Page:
Long Rant About Rubicon ClosurePosted: January 31, 2023 Filed under: Access, Travel | Tags: closure, El dorado, Fees, permits, rescue 1 Comment
As of December 30th, 2022, the Rubicon Trail is closed to any type of use within El Dorado County. The closure is for 60 days. It is not clear if the closure can be lifted before the end of February. It is not clear if the closure can be extended past the end of February. We’ll all have to wait and see.
I don’t have all the answers. I don’t know everything that happened. I’ve tried to piece the events of this story as best I can.
On December 30th, 2022, El Dorado County closed the Rubicon Trail. It’s not clear who initiated this closure. The official closure appeared on the El Dorado County website on the Parks page. It stated:
“As of December 30, 2022, the Rubicon Trail is closed for public safety in accordance with county procedures and a determination was made with the Department of Transportation, the Sheriff’s Office, and the Parks Division.”
There is debate about whether all of the departments listed were actually all in agreement about the closure.
One theory is that the closure stemmed from a group of vehicles getting stuck along Wentworth Springs Road (not yet on the Rubicon Trail), bringing in a front loader for a vehicle recovery (but not using it). For the sake of the county not wanting to rescue unprepared drivers throughout the coming storm, the county closed the trail.
But Parks can’t just close a road for safety, so the story shifted after the initial closure to high water runoff due to the impending storm. The key word being impending. With the storm coming in, expected to drop a lot of rain, not snow, there was concern about water on the trail. In order for Parks to close the Rubicon Trail, due to water, measurements at specific spots along the trail and digital photographs of those spots must be used to document the conditions. Those do not exist.
But the Department of Transportation can close the road for safety. So, the story shifted back to safety and the DOT closing the trail. It helped that El Dorado County had declared a state of emergency, due to the storms. But this is where I have a problem with the reasoning.
As I understand it, Ice House Road to Loon Lake is not and was never closed. So, to protect the people, then and now, you can’t drive on the Rubicon Trail via Wentworth, but you can drive to Loon Lake and drop on to the Ellis Creek Intertie and drive in to the bowl!
Does that make any sense? Close the Rubicon Trail but keep the road to Loon Lake and the Ellis Creek Trail open. This is a government agency, or multiple agencies, at work and demonstrates why most OHV users don’t trust the government. For the record, throughout this ordeal, the Rubicon Trail has always been open within Placer County.
So, El Dorado County closes the Rubicon Trail for the safety of the people. How many people have died on the Rubicon Trail during the months of December, January, February and March? I do not know of any deaths during those months. How many people die at Lake Tahoe every year, about six. How many people die downhill skiing each year, about 40. How many people die hiking in this country every year, 120-150. Has El Dorado County taken the appropriate steps to protect the people from those activities?
El Dorado County overreacted when people got stuck in the snow. They did something they didn’t have the authority to do. Then they changed the story. And then they changed the story again. Then the Board of Supervisors made it official on January 10th (Resolution 017-2023) and back dated the closure to December 30th in order to provide cover for the unauthorized or even illegal early closure. Here’s a link to my original story and a copy of the signed resolution: https://theotherrubicon.com/2023/01/11/rubicon-trail-closed-within-el-dorado-county-until-feb-30th/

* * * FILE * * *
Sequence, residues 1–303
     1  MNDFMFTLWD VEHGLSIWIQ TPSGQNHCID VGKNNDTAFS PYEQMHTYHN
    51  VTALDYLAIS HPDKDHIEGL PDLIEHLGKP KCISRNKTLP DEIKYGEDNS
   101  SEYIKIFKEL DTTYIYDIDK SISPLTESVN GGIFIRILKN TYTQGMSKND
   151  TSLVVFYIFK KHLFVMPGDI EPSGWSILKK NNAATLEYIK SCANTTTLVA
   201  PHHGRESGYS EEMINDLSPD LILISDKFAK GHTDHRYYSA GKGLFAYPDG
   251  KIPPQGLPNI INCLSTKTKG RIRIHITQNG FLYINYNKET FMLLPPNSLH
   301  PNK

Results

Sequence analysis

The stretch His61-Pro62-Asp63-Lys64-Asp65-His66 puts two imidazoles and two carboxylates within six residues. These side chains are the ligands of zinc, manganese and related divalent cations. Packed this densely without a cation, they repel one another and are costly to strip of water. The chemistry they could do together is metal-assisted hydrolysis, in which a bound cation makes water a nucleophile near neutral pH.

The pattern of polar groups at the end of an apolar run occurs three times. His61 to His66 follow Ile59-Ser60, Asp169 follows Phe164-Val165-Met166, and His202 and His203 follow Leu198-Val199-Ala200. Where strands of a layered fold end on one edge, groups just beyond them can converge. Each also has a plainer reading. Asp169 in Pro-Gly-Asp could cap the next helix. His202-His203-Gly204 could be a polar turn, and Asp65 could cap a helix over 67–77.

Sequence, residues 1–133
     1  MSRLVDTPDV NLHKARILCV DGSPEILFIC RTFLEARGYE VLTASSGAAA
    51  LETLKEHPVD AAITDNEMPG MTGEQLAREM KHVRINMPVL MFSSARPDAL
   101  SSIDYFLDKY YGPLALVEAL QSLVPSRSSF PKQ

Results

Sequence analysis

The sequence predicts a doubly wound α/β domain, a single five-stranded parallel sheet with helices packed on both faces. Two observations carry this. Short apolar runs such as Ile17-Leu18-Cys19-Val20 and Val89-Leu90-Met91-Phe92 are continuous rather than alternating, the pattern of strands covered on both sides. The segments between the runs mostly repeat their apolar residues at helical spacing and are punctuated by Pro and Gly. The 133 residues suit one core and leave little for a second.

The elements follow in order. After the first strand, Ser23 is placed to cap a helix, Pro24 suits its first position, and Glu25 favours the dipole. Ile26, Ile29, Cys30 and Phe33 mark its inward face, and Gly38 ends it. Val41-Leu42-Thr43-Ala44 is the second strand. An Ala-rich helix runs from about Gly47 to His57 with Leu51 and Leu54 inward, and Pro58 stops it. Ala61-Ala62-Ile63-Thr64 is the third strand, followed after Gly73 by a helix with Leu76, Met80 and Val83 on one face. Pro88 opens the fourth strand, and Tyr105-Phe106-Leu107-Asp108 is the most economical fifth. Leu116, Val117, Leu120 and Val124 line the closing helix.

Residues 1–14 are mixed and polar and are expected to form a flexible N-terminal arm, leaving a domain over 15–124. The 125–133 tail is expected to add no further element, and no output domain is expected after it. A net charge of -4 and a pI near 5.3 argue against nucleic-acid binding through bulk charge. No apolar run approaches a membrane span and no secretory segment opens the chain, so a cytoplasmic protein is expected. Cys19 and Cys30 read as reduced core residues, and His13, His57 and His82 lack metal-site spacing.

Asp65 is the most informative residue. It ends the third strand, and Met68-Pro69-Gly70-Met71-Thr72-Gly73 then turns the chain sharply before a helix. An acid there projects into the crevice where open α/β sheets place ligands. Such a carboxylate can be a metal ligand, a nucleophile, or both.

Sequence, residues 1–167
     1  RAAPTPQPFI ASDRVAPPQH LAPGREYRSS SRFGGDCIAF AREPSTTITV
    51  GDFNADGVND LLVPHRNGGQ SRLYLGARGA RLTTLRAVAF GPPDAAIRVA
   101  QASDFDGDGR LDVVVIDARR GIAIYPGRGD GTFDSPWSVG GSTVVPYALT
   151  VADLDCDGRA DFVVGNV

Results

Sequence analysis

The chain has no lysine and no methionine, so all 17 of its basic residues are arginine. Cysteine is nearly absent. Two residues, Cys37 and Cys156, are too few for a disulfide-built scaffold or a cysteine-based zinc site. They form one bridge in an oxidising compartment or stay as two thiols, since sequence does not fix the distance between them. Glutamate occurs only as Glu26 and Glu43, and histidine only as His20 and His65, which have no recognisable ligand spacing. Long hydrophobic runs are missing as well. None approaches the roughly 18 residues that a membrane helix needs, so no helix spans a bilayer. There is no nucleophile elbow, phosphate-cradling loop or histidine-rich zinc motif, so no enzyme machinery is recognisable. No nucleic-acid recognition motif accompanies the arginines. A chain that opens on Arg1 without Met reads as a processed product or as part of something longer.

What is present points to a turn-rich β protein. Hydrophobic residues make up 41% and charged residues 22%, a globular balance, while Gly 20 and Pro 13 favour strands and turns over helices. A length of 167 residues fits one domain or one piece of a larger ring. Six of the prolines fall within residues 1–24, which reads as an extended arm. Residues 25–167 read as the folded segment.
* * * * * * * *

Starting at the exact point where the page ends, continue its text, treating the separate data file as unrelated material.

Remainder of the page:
OHV advocacy groups were able to change the county meeting about hearing the above resolution in order to allow public comment but it didn’t seem to help as the board voted 4-1 to adopt the closure. It has been reported that the board members didn’t seem to understand the closure but just took the word of the DOT and passed it.
So, the agreement from 2013 (?) that specified scientific measurements and digital photograph documentation were required to close the trail has been thrown out the window and now any one who thinks it’s unsafe can close the trial on a whim.
We do need to address this issue of winter travel. How do we educate people to prevent travelers from getting in over their heads? Can we require trail users to carry recovery equipment? The state requires that all cars carry chains when driving over a pass in winter. Can certain vehicle enhancements be required to travel during snow conditions, like mud and snow rated tires being required on the highway passes during a storm? There could be precedent there.
If this actually started with a need for a vehicle recovery, do we allow the counties to charge for rescues? Should we, as users, develop a winter rescue group? If so, there should be one at each end of the trail. Should there be a fee to use the trail? Should those from out of the county be charged to use the trail and for rescues, but not locals?
After two deaths in recent weeks, Mt Baldy, in San Bernadino County, is considering a permit system to allow people to climb the mountain. Would a Rubicon Trail permit application ask about driving skills, experience, vehicle upgrades, recovery gear and survival gear? Who would set the standards. Could this be a winter requirement moving forward?
The users need to communicate with all of the government agencies involved with managing the Rubicon Trail and our public lands in order to prevent such knee-jerk reactions. In my opinion, the problem is getting the agencies to communicate with and engage with the users before making any decisions regarding the Rubicon Trail.
-just a user